An emotional Dean Smith paid tribute to his late father after securing Aston Villa’s Premier League survival on a pulsating final day of the season. A long and fraught campaign culminated in a 1-1 draw at West Ham, and it was only natural for Smith’s thoughts to turn to his father Ron, who died of Covid-19 at the end of May aged 79.
“It’s been an emotional period,” said Smith, after emerging from a jubilant Villa dressing room with a beer in hand. “I’ve just spoken to the whole family in their living room and they’re immensely proud. A lot of people have lost their lives due to the pandemic, including my father, and he’ll be looking out for us, I’m sure.”
“To be honest it feels better than getting promoted, because we had a big turnaround in the summer,” said Smith. “We’ve been written off by everybody. We had to build a squad, build a culture. To get to where we are is an unbelievable achievement for the whole of the group.”
Smith will meet the club’s owners on Monday to discuss plans for next season and the future of the captain Jack Grealish, who may leave. Pressed on Grealish’s immediate future, Smith replied: “Well, he goes out and gets drunk with me. That’s what happens now.”
Eddie Howe refused to commit his future to Bournemouth after their five-year stay in the Premier League ended in what the manager described as “the hardest moment of my career”.
Asked whether he was determined to lead the club’s fight to regain its Premier League status next season, Howe replied: “I am determined for Bournemouth to get back in the Premier League. In terms of the future and what it looks like, that is for another day. There is a lot to take in because it was not just about today, it was about the season as a whole.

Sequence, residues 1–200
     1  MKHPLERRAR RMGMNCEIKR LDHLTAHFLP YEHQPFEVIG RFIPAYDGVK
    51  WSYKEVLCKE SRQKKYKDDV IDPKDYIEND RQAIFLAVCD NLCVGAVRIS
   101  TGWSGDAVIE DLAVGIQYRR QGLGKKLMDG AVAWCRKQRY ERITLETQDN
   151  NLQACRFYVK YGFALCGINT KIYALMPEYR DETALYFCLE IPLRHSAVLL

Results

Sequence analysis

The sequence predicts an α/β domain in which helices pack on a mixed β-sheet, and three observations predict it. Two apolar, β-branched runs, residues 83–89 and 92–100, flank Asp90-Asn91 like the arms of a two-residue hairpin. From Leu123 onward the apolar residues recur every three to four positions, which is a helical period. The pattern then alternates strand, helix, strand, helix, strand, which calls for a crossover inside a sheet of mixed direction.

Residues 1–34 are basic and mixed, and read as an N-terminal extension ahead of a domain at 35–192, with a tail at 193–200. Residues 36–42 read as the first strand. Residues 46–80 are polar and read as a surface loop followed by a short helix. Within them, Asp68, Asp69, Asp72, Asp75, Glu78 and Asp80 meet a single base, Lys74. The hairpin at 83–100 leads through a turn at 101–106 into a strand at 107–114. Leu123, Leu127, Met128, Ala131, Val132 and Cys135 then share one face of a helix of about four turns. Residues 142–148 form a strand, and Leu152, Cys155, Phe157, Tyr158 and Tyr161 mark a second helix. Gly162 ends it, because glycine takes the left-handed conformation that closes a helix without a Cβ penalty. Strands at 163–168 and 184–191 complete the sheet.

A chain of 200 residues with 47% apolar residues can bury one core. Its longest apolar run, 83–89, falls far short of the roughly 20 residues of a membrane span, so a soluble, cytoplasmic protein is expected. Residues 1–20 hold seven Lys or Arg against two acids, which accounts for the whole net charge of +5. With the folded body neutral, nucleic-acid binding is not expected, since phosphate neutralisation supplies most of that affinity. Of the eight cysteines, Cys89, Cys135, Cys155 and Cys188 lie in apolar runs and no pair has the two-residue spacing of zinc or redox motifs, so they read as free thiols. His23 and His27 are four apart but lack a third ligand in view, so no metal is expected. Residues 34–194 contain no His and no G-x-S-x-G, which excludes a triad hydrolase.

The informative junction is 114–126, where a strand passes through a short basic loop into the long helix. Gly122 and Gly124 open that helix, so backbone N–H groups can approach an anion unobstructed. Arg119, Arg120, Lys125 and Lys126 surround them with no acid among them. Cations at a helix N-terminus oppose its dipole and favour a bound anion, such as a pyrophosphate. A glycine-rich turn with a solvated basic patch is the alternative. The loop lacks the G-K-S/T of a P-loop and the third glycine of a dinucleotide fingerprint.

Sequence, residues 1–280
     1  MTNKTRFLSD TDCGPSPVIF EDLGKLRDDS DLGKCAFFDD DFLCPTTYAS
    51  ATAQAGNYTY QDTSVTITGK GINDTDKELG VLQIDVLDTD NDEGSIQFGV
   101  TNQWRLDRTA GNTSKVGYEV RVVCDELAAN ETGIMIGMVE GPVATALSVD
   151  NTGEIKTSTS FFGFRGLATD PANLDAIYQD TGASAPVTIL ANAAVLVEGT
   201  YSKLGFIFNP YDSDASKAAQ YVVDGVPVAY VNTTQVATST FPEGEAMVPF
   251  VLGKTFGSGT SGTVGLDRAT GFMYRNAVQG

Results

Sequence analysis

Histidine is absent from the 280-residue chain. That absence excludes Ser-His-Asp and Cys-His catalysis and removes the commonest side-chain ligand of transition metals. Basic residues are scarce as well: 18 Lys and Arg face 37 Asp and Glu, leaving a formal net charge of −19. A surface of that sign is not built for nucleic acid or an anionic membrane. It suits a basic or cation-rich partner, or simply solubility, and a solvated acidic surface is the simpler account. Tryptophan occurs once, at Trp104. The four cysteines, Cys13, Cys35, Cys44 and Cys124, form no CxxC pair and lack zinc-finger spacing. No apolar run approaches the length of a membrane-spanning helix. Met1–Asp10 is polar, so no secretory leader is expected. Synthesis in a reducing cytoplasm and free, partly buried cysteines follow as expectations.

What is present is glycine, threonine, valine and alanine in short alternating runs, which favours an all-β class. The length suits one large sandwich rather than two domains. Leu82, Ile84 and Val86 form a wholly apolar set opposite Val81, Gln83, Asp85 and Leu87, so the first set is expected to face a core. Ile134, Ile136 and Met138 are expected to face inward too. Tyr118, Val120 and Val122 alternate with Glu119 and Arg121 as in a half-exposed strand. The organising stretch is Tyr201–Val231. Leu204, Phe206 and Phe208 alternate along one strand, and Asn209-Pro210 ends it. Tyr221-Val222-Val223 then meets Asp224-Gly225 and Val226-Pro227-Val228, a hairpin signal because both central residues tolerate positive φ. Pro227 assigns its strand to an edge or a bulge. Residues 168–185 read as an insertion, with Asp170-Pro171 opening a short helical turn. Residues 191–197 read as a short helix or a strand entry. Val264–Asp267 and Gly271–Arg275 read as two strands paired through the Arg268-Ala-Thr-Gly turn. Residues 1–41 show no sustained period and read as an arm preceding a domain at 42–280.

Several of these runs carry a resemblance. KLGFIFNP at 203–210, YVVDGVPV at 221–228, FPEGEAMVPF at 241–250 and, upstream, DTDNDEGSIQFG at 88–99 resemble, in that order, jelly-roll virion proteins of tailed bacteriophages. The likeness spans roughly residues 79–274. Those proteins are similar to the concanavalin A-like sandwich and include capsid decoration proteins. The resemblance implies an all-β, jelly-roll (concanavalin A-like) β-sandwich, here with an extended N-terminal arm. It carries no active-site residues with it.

“It has been a hugely frustrating one from my perspective as we have not hit the standard of performance we would expect from this group. There will be a period of reflection but it cannot be too long as the next season rolls in quickly.”
Howe added: “The next step for me is to speak to the owner and directors and see where we go from here. We need to have a strong vision of the future. I need to speak to the people in control at Bournemouth and see their vision and the best way forward for the club.”
A downcast Troy Deeney cast serious doubt on his future at Watford after they were relegated despite an improved performance at Arsenal. The captain, who has been dogged by knee problems but still scored his 10th league goal of the season with a penalty at the Emirates, suggested he may end his decade-long spell with the club, although he later scotched suggestions that he might retire at the age of 32.
“I don’t know if this will be my last game for Watford,” he said. “I don’t know what the future holds. I have a knee operation next week. Then let’s see. Clubs can go in different directions, players can go in different directions. I’m not saying it’s my last game but, if it is, I’m happy I went out on my shield and gave everything I had … If this is my last game in the Premier League, I can say I’ve made a contribution to Watford and made it so Watford v Arsenal is a big game now.
“Things happen in football and you have to be man enough that things come and go. I have been here 10 years next week. If it’s my time to go, it’s my time to go. There were bigger and better players before me and there will be bigger and better after.”
Asked whether Watford’s rotation of managers – Javi Gracia, Quique Sánchez Flores and Nigel Pearson were sacked during the season – had contributed to their demise he admitted soul-searching would be required throughout the club.
“From top to bottom we do an audit and look at it,” he said. “We can’t say we got it right because ultimately we failed. There’s no point standing and dancing around it; it is what it is.”
Source: The Guardian |NewsColony